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How to Do the 52-Week Money Challenge

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How to Do the 52-Week Money Challenge


If you’re new to the 52-week money challenge, the first month or so you might wonder if it’ll take 52 years to see progress because you start small. But know that this savings plan is effective, and it can help you sock away more than a thousand dollars a year - $1,378 to be exact. You could possibly build up even more if you put the funds in a high-yield savings account. Doing the challenge takes commitment, but it’s easy to start.

How the 52-week money challenge works

On your first week, you save $1. The next week, stash away $2. The goal is to increase the amount saved by $1 each week for 52 weeks – a full year. It’s that simple.

And the money adds up. But even more important, you may find this is a good way to develop consistent savings habits.

Why it works

Putting away a few dollars per week at the beginning of the challenge is likely less painful than figuring out how to save a whole $500 to stash away for emergencies.

The smaller weekly level-ups are manageable, but they encourage you to find ways to slowly cut back on spending or boost income. They also give you time to plan several months ahead, when the goals will be to save $30, $40 and eventually $52 in one week.

You’ll save that $500 for emergencies, plus more, but on an easier timeline.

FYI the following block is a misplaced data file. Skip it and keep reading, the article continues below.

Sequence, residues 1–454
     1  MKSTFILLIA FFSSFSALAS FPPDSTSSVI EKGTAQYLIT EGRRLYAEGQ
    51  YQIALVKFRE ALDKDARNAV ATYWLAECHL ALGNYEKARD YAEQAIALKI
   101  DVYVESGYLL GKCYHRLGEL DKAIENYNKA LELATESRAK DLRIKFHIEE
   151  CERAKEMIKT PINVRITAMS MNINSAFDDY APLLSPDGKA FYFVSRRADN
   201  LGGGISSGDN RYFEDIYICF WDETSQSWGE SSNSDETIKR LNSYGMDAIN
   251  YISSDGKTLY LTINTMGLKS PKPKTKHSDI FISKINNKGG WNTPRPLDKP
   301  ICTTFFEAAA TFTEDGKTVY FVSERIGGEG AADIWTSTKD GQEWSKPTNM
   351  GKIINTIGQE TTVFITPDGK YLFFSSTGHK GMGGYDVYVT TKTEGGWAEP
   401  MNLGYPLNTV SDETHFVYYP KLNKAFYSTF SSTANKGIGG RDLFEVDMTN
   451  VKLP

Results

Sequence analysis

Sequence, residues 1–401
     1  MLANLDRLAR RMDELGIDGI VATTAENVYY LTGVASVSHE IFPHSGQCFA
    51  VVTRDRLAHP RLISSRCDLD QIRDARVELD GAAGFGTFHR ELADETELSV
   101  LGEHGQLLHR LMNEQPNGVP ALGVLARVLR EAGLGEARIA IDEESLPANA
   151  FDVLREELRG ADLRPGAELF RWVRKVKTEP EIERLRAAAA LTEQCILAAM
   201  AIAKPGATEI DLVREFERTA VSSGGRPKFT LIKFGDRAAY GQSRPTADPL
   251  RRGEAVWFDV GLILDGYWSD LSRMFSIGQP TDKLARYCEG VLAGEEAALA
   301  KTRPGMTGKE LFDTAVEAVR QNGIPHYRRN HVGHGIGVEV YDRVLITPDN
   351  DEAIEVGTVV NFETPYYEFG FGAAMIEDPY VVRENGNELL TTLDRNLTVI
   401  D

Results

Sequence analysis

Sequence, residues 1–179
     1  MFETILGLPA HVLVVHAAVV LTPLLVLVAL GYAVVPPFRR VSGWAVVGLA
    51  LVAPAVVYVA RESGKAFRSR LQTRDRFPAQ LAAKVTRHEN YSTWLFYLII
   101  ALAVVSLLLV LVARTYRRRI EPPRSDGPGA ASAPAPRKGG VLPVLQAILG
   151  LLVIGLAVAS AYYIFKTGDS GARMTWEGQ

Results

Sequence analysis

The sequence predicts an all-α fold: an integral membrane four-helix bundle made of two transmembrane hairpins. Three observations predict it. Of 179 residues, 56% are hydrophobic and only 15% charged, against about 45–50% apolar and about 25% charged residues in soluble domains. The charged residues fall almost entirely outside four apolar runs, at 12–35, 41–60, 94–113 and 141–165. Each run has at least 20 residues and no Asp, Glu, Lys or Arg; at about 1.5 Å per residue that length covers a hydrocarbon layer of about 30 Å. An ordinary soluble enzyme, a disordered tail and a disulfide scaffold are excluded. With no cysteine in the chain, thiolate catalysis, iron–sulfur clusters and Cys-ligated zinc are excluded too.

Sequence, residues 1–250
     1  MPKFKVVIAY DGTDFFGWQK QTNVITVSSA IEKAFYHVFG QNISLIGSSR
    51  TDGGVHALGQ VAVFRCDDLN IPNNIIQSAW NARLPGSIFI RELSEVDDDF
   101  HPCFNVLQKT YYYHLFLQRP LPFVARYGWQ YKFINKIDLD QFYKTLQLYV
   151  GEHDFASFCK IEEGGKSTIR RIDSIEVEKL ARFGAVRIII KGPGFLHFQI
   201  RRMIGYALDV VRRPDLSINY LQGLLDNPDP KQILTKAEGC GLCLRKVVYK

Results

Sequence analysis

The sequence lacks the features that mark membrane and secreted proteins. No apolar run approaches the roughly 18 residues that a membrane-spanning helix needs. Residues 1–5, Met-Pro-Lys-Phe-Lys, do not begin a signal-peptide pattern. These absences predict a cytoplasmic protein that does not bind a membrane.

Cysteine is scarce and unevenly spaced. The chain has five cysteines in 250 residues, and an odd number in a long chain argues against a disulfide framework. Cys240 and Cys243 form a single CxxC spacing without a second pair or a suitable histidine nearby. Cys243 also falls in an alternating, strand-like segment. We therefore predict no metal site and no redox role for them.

Where to put your cash

Maximize every penny by depositing your funds in a high-yield savings account. In an account that earns interest, you’ll accumulate money on top of your savings. Just choose an account that doesn’t charge monthly maintenance fees, which can erode your savings.

Stay motivated

The 52-week challenge can be tricky as time goes on because you’ll need to save larger amounts of money. But the beauty is that after a few months, you’ll be able to look back with satisfaction at the decent chunk of cash you’ve already put away.

Even if you don’t meet the challenge 100%, try to add whatever amount you can each week. The bottom line is not to give up.

For more motivation, you can tell others about your savings goals. For example, if you’re saving for a family vacation, let your family members know you plan to pay for it with this savings. (Let’s assume you already have an emergency fund, which is a higher priority.) Your friends and family could offer encouragement along the way.

Once the 52-week time period is over, celebrate! But keep saving. Let it be a springboard for reaching other money goals, such as a college fund and retirement. You’ll have built a healthy cash reserve and proven to yourself that you can meet a challenge.